DMT: Nature’s Trippiest Molecule

N,N dimethyltryptamine, more commonly abbreviated as DMT, is a powerful endogenous hallucinogen that occurs in plants and animals, including humans. Though its biological purpose is an ongoing subject of scientific contention, it has been empirically suggested that the human body produces DMT during birth, death, instances of extreme pain, and in states of deep meditation. There are multitudes of myths and speculations about the origins and functions of DMT, from deeming it a biological coincidence to declaring it a chemical vessel of supernatural communication with spirits and extraterrestrials. The mystery of DMT’s presence in all living creatures, along with its psychedelic properties, have fascinated scientists, mystics, and thrill-seekers for decades.


Glia: The Unsung Heroes of the Brain

Did you know that neurons aren’t the only kind of brain cell? In fact, these celebrated biological information processors only comprise 10% of the cell population of the brain. The other 90% of brain cells, called glial cells or glia, don’t have as many “intelligent” characteristics as their complex neuronal cousins, but the nervous system wouldn’t be able to function without them. Up until recently, glia, whose name derives from the Greek word for glue, were written off by the scientific community as a simple, gelatinous substance whose sole purpose was to act as packing peanuts to cushion our precious neurons. With more advanced modern research methods, however, we are starting to recognize the subtle yet essential contributions that glia make to our cerebral performance.


DRACO: The Mean, Unseen, Virus-killing Machine

Every year, millions of people around the world die from diseases caused by viruses. Many of you may be wondering why so many people die of infectious diseases when modern medicine has developed so many vaccines: vaccines can only treat certain strains of viruses, and need to be constantly updated in order to keep up with the rapid evolution of viruses. Then you may ask, “but what about antibiotics? They can indiscriminately treat all kinds of bacterial diseases.” It’s important to clarify that antibiotics–such as penicillin–only solve half of the problem of widespread infectious diseases: they can only eradicate bacterial infections. Viruses have a different biological makeup than bacteria, as well as different cell-infecting mechanisms, and therefore require a different kind of agent to destroy them. Up until recently, there wasn’t an antiviral equivalent to the first highly effective antibiotic, penicillin. Now, the medical world is finding hope in DRACO, “a superprotein that may eradicate viral diseases” [1]. Unlike vaccines and antiviral therapy, the other two “weapons” against viruses, DRACO is active against virtually all kinds of viruses. It is for this reason that DRACO is being compared to the virus-combatting version of penicillin, and its implementation may very well bring about an immunological revolution in the treatment of patients with viral diseases.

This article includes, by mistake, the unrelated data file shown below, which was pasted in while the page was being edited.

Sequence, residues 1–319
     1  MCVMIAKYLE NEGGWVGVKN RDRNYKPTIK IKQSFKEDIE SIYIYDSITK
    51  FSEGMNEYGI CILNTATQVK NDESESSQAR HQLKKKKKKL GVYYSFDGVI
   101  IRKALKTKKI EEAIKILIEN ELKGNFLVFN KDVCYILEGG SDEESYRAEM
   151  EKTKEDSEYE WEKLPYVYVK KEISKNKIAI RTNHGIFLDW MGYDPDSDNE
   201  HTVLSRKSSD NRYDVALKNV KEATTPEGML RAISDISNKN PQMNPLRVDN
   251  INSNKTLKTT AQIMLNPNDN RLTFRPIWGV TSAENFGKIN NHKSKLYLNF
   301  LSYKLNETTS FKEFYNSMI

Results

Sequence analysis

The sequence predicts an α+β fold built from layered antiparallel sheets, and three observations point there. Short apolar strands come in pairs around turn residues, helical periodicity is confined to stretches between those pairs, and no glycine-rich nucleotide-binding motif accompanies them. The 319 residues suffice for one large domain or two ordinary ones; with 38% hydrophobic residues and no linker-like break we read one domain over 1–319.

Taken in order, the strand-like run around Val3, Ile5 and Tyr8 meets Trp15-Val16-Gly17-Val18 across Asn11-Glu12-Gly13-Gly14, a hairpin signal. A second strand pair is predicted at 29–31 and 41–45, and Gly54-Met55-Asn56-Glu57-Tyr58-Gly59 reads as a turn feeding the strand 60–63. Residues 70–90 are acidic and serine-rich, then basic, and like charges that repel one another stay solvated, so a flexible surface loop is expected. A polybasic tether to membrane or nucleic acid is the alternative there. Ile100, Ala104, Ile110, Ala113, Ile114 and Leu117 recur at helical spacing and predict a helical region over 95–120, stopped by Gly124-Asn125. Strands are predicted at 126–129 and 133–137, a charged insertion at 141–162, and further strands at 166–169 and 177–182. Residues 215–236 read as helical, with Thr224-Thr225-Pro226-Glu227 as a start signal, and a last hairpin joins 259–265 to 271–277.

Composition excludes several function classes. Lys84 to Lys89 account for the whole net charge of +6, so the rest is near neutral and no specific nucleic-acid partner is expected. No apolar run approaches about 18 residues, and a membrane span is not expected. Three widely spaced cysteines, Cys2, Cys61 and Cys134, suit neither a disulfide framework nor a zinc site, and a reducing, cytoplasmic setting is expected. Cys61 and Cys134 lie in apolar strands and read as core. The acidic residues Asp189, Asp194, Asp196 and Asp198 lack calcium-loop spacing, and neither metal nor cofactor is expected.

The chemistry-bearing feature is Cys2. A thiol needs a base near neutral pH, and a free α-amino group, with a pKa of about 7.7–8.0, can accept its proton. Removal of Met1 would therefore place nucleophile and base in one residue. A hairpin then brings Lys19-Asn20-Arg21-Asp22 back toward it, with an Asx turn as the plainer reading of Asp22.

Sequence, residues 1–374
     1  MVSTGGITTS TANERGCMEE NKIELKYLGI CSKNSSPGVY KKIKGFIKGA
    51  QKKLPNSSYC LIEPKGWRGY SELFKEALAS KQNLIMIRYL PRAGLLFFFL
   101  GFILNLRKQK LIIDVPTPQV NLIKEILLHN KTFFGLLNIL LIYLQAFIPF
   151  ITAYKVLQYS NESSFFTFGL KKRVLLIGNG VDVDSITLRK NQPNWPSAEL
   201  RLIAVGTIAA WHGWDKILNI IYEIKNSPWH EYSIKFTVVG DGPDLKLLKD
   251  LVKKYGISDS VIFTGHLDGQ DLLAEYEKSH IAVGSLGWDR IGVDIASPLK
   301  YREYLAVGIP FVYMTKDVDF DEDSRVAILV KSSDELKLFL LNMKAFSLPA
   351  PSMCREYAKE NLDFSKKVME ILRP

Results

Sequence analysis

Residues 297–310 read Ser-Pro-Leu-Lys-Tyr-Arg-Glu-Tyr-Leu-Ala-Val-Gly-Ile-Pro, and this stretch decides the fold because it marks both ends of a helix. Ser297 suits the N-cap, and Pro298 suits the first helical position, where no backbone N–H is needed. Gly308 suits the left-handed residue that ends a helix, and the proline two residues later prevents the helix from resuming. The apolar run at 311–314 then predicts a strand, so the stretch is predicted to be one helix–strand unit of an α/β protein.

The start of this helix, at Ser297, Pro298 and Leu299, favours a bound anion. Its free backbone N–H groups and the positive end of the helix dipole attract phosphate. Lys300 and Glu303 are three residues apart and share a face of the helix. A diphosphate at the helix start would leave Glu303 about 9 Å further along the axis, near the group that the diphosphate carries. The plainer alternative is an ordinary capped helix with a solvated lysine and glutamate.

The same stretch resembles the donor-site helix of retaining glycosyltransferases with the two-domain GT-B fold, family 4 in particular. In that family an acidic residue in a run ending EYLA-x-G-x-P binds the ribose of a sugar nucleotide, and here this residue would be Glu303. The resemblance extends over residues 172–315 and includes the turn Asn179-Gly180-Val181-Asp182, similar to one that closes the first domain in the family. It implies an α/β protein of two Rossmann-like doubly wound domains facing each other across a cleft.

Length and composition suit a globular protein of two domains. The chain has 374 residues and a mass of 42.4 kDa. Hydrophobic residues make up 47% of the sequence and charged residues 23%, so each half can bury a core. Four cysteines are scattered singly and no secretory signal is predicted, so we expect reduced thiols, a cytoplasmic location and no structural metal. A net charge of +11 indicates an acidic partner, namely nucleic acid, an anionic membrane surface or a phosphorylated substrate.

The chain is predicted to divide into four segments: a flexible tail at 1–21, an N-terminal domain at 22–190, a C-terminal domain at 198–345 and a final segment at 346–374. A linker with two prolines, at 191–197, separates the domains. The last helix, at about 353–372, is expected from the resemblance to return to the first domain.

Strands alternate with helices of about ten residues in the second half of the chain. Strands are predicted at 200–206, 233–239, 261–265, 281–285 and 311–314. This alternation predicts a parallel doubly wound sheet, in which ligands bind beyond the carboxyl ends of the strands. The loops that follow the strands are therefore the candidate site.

Under the Microscope: Oxytocin

Dubbed the “cuddle chemical” by neuroscientists, oxytocin is a central molecule in the complex body systems of all mammals, from mice to humans. This nine-amino-acid peptide is responsible for empathy, all types of bonding, stress relief, social cognition, and even morality. Oxytocin is the cornerstone of human connection, and without it, the word “love” likely wouldn’t be in our vocabulary.


Just So You “Neuro”…

What if the key to enhanced mental functioning could be stored in your refrigerator? Neuro, a progressive company taking a new spin at the energy drink, is striving to make such a phenomenon a reality. Neuro has transcended the traditional energy drink and specialized it: Whatever your energizing needs may be—from academically productive energy to sexual energy, athletic energy to inducing a soporific lack of energy—Neuro probably has a drink for you. By harnessing the powers of neurochemistry, these futuristic beverages have the potential to get your brain and body to do what you want them to do—no prescription needed.